Hackney Council has apologised for disseminating a leaflet around Stamford Hill that singles out synagogues for closure for all but exempt activities such as funerals, despite government guidance allowing individuals or single households to enter places of worship to pray.
Conservative Cllr Simche Steinberger hit out at the Town Hall this evening for the leaflet, which informed residents that “places of worship such as Shuls must close”.
The leaflet has now been replaced with a similar one offering the full guidance for the safe use of places of worship, without referencing a particular faith.
In an interview with the Citizen, Steinberger pointed to high levels of coronavirus elsewhere in Hackney and said that the Charedi community in Stamford Hill is being stigmatised on account of enforcement measures taken in the north of the borough.
Steinberger, who said the leaflet had left him “gobsmacked and scared”, said: “It’s absolutely shambolic. It’s a disgrace, this leaflet. It’s just setting communities on communities, giving out false information. They have been asked to work with Conservative councillors to get this right, but they are obviously not interested.
“To give out wrong information and make other people who are not Jewish think that we are doing something wrong, it is stigmatising the community. The community are getting a little bit fed up. There was no mention of mosques or churches in Stamford Hill, only about synagogues. They have to work closer with the Conservative group, as they have failed. They are not doing a good job without it.
“There are quite a few non-Jewish people who live near my synagogue. When they see this leaflet coming into their house, that Jewish people are not supposed to go to the synagogue, and all of a sudden Jewish people go to synagogue, they would look at Jewish people and think they have broken the law.
“They would then quickly call the police, and put in a complaint because of the misinformation. It is a very weak apology. If I was the leader of a council giving out such a leaflet, I would resign.”
Steinberger, who claimed that last Saturday enforcement action had taken place four times in an hour at his synagogue despite Covid-secure measures being taken, added: “Covid is scary enough. What we are having to go through now because of this leaflet, it’s beyond belief. As a resident in Hackney, this is totally unacceptable.
“They had put posters up everywhere on Stamford Hill – ‘Beware, there is high Covid’. Obviously you write Stamford Hill, but if you read between the lines, they’re pointing to our community.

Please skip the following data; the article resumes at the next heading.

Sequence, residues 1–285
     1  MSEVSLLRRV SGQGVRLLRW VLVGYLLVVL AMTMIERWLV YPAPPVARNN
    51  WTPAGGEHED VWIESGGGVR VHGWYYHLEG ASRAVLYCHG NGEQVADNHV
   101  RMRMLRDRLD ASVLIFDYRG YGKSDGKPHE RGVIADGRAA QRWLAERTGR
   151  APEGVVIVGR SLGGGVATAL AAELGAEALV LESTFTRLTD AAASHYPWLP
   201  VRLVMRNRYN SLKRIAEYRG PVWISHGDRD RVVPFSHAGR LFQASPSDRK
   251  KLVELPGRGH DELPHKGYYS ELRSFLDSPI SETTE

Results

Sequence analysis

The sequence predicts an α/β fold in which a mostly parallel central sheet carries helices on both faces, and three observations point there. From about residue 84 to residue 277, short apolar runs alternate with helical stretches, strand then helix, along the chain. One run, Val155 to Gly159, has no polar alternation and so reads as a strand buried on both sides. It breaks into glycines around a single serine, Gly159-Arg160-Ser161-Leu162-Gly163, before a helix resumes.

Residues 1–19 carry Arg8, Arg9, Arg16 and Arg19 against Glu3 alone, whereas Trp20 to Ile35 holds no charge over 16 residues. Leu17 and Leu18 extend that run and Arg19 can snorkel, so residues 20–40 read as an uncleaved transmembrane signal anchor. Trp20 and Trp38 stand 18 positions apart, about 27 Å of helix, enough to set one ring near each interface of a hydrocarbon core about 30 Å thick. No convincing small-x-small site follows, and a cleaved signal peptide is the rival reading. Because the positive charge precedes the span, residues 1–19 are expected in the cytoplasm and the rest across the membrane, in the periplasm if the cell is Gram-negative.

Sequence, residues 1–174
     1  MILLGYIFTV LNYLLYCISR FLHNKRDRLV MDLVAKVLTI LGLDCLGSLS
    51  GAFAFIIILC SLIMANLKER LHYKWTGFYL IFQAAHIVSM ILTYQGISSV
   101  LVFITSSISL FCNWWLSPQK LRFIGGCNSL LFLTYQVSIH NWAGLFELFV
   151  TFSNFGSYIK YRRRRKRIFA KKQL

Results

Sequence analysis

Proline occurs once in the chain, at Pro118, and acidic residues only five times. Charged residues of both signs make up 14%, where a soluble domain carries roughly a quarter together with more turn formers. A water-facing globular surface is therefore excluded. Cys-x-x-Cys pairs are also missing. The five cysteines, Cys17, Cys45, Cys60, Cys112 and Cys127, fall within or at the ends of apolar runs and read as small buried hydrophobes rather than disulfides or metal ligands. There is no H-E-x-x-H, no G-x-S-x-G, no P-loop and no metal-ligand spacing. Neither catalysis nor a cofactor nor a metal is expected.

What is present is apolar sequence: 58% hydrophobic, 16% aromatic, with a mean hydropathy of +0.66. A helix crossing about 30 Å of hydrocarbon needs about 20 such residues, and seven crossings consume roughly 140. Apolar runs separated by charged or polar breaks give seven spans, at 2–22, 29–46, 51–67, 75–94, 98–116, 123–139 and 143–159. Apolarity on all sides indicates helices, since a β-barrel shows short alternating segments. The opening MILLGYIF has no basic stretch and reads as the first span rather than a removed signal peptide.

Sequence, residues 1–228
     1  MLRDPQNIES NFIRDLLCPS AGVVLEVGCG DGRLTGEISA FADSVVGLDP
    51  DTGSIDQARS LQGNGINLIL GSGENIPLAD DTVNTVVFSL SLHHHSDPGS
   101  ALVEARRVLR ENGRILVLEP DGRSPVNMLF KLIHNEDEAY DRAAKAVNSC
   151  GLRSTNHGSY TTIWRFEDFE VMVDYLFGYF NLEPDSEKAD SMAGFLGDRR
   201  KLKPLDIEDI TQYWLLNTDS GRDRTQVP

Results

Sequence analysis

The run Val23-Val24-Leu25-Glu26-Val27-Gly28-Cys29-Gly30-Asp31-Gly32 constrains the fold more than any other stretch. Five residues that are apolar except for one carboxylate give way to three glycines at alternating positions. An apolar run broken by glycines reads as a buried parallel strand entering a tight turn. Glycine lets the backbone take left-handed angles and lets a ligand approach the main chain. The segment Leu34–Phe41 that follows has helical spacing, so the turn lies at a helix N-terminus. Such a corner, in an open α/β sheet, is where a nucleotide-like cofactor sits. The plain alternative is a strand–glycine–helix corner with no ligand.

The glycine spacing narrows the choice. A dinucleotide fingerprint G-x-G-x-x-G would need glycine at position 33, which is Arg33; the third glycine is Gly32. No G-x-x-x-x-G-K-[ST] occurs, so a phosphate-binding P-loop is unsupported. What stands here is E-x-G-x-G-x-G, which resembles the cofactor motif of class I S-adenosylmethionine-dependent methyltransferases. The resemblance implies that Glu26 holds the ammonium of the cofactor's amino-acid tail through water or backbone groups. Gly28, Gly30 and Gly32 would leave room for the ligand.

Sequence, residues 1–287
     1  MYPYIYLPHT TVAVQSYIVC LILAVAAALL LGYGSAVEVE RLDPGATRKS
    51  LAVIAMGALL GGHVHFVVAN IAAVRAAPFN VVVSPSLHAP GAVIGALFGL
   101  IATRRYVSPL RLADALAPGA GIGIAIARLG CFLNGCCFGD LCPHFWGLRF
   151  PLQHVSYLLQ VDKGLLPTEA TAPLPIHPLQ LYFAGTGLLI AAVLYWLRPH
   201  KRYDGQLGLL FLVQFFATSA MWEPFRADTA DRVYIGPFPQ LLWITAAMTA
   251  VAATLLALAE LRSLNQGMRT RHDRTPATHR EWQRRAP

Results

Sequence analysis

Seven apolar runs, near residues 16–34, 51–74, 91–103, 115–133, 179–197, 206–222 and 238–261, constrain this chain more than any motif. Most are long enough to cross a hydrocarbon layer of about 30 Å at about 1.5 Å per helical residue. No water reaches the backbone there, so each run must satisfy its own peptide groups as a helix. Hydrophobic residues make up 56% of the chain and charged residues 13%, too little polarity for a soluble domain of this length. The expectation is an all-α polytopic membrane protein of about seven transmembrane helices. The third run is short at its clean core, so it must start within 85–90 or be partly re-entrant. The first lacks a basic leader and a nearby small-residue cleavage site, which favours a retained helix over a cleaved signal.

“All of a sudden it seems that we’re all criminals. I have seen the full force of enforcement in action in Stamford Hill for no reason. I feel that I’m trying not to go anywhere, as it feels like whatever I do is not right. There is something here that is focused too much.”
The leaflet was sent to every home in Cazenove, Springfield and Stamford HIll in the week of 2 November, with the council saying it targeted areas with the highest rates of positive cases of coronavirus while also having high numbers of people who are digitally excluded due to cultural reasons.
After the original leaflet went out, the council is understood to have decided to update the information to include all exemptions from the guidance for clarity, following discussions with representatives from the Orthodox Jewish community.
The Town Hall has also said that posters warning of high Covid rates have gone up in all other high streets in Hackney, with everyone who receives council freesheet Hackney Life also receiving guidance on the virus.
An updated version of the leaflet is to be published in Heimishe newsheet this week.
According to the Town Hall, the now-withdrawn leaflet is the first communication on Covid in Stamford Hill which had not gone through its Orthodox Jewish communications co-design group, due to the speed at which council officers had to work as the second lockdown bit.
When approached for comment, the Town Hall administration provided evidence that it had invited Conservative leaders to discuss efforts to tackle high rates of coronavirus back in September, but had received no reply.
Since the start of the pandemic, Springfield ward in the borough’s north has had the highest rates of Covid-19, with a total overall incidence of 2,992 cases per 100,000 people. Its weekly incidence currently runs at 159 cases per 100,000, with Dalston currently showing the highest rates in Hackney at 271 cases per 100,000 people.
A Town Hall spokesperson said: “We apologise for the omission of independent prayer and this will be corrected in all future communications.”
Dr Sandra Husbands, director of public health for the City of London and Hackney said: “Throughout the pandemic we have been working closely with representatives from the Orthdox Jewish community to ensure key communications on Covid-19 are distributed to ensure all local residents can stay safe and do not breach the Coronavirus Regulations.
“This partnership work is key to effectively tackling the spread of the virus and I am very grateful for the continued support and widespread adherence to the coronavirus guidelines within the Orthodox Jewish community.”